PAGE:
Want to read Slashdot from your mobile device? Point it at m.slashdot.org and keep reading!

 



Forgot your password?
typodupeerror

Slashdot videos: Now with more Slashdot!

  • View

  • Discuss

  • Share

We've improved Slashdot's video section; now you can view our video interviews, product close-ups and site visits with all the usual Slashdot options to comment, share, etc. No more walled garden! It's a work in progress -- we hope you'll check it out (Learn more about the recent updates).

×
Privacy Open Source Social Networks Your Rights Online

A Call For an Open, Distributed Alternative To Facebook 363

Posted by Soulskill
from the privacy-revolution dept.
qwerty8ytrewq writes "Ryan Singel, writing for Wired, claims that Facebook has gone rogue: 'Facebook used to be a place to share photos and thoughts with friends and family and maybe play a few stupid games that let you pretend you were a mafia don or a homesteader. It became a very useful way to connect with your friends, long-lost friends and family members. ... And Facebook realized it owned the network. Then Facebook decided to turn "your" profile page into your identity online — figuring, rightly, that there’s money and power in being the place where people define themselves. But to do that, the folks at Facebook had to make sure that the information you give it was public.' Singel goes on to call for an open, distributed alternative. 'Facebook’s basic functions can be turned into protocols, and a whole set of interoperating software and services can flourish. Think of being able to buy your own domain name and use simple software such as Posterous to build a profile page in the style of your liking.' Can Slashdotters predict where social networking is going? And how?" Relatedly, jamie points out a graphical representation of how Facebook's privacy settings have changed over the last five years.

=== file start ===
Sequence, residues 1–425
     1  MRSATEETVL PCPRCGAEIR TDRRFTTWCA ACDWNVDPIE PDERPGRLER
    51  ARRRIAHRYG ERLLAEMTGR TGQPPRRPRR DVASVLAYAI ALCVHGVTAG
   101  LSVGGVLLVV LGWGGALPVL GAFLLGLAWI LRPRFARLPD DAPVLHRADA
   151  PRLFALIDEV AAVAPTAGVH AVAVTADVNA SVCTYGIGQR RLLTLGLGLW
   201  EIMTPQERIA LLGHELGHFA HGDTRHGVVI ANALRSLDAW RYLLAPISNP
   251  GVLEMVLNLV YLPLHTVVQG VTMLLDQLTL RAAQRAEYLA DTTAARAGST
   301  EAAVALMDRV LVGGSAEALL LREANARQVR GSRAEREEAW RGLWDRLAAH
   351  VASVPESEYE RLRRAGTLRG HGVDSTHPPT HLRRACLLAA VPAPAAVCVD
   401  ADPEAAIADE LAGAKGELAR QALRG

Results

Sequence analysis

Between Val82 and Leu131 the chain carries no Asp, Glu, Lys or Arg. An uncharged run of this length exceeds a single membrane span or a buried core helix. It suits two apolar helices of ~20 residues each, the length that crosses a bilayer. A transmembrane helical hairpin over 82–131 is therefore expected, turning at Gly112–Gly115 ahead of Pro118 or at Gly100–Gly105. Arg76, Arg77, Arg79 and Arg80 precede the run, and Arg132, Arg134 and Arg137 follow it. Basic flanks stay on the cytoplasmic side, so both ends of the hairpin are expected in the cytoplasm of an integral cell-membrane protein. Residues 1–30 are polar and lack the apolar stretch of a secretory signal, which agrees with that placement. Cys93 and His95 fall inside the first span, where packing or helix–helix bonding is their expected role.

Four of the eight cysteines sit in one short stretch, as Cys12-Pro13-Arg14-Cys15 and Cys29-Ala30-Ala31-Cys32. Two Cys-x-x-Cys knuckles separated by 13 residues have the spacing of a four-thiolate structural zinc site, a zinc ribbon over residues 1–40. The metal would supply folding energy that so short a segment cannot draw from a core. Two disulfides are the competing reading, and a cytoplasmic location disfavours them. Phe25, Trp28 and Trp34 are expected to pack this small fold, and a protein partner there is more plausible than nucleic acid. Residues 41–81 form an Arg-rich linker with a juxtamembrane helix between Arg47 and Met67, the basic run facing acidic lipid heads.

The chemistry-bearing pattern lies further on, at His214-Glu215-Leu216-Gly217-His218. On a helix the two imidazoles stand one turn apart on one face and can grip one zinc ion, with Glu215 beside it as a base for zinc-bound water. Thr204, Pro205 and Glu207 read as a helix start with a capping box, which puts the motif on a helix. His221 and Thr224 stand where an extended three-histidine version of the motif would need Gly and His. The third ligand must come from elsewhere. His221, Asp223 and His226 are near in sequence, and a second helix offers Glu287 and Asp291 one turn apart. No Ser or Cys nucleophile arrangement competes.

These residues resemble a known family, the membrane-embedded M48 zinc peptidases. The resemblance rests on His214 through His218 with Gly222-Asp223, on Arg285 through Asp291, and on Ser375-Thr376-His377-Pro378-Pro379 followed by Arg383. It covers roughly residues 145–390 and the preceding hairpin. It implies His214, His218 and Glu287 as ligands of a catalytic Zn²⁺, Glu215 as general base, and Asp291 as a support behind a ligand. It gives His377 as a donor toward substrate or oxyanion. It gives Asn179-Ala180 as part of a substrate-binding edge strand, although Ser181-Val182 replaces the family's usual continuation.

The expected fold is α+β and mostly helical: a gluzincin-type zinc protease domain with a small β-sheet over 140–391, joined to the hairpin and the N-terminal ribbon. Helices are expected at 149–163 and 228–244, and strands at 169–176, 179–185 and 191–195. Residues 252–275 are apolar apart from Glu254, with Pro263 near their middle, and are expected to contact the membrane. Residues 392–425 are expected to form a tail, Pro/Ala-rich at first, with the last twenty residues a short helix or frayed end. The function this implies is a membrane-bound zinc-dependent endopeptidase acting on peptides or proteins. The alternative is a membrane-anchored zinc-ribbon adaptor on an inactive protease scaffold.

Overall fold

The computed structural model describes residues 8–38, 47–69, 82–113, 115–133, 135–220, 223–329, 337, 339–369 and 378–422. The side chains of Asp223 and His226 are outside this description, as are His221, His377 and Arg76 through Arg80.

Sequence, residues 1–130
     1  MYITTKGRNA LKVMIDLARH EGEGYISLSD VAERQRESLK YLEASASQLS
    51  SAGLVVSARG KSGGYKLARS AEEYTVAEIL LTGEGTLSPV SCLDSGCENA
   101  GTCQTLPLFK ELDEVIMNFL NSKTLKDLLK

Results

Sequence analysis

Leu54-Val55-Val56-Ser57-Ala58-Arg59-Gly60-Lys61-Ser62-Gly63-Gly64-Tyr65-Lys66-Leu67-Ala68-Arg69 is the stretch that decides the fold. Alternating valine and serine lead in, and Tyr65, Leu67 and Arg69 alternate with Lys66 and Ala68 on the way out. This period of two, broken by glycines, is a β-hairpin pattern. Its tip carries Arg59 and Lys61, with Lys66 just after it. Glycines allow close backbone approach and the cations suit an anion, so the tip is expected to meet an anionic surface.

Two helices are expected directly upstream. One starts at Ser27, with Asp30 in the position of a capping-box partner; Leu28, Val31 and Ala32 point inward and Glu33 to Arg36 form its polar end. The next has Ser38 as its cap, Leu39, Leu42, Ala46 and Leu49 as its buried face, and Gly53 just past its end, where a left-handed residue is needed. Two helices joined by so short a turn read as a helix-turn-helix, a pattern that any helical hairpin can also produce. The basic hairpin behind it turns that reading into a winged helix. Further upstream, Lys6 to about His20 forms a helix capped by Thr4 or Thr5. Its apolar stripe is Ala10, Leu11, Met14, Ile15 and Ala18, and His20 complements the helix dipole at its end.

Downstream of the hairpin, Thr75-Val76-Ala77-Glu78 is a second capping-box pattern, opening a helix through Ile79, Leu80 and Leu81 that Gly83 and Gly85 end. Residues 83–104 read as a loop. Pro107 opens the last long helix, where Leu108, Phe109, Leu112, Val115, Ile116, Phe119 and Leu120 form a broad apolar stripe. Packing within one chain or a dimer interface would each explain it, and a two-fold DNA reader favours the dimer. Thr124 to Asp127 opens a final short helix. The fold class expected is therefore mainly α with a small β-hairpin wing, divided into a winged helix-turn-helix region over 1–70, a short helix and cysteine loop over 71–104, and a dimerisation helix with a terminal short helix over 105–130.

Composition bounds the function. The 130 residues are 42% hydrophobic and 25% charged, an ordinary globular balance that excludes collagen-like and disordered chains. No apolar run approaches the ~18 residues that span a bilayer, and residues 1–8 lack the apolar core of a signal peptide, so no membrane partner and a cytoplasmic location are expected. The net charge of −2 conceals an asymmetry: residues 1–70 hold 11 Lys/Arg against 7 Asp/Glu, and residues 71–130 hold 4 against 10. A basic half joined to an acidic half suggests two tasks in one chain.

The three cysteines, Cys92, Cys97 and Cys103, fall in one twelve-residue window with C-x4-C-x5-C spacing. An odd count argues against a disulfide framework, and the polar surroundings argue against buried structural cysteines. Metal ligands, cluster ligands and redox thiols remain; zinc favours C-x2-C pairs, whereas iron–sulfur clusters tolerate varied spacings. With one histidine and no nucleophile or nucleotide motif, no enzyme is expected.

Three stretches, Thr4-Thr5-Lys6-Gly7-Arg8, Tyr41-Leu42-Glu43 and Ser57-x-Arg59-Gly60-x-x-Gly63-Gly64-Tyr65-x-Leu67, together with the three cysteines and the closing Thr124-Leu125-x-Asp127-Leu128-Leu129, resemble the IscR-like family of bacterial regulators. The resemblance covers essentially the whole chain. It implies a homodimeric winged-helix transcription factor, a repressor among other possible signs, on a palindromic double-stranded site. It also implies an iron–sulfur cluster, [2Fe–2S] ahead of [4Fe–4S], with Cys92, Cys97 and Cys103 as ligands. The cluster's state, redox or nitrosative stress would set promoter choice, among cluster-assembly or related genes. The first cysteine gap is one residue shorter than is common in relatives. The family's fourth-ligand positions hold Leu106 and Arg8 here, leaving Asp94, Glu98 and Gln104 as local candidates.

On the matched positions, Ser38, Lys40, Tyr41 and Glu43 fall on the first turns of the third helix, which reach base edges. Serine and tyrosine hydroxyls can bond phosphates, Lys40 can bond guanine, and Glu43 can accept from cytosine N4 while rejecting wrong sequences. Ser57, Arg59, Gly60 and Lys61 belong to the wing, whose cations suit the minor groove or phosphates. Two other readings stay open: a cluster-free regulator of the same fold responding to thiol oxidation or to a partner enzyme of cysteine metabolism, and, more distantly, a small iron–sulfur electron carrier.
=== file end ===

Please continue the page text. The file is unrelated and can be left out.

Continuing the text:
This discussion has been archived. No new comments can be posted.

A Call For an Open, Distributed Alternative To Facebook

Comments Filter:

If a 6600 used paper tape instead of core memory, it would use up tape at about 30 miles/second. -- Grishman, Assembly Language Programming

Working...